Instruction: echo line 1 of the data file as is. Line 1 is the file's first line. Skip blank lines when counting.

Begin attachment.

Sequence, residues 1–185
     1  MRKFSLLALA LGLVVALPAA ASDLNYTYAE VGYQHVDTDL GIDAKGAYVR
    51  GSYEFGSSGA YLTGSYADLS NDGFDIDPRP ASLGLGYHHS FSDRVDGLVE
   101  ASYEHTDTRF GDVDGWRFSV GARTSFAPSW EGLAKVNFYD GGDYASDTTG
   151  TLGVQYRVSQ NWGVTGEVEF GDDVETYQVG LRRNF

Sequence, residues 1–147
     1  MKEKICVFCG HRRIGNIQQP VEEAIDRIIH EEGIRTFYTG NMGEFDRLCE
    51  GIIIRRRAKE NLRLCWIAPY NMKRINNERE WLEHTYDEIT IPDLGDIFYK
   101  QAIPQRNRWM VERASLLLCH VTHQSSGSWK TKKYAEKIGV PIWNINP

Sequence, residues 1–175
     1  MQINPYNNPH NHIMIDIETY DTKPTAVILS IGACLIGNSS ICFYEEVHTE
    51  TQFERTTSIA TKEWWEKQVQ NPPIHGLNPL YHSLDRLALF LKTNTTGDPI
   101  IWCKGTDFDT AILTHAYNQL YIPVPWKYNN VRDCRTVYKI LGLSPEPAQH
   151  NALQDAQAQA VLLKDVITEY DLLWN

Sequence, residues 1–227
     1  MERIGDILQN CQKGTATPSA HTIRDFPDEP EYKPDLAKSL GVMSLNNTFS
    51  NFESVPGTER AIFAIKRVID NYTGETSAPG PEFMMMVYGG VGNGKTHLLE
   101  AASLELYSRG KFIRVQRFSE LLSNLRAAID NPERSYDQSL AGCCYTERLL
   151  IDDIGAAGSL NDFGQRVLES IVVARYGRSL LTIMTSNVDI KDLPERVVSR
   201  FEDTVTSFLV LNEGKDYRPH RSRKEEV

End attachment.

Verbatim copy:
Sequence, residues 1–185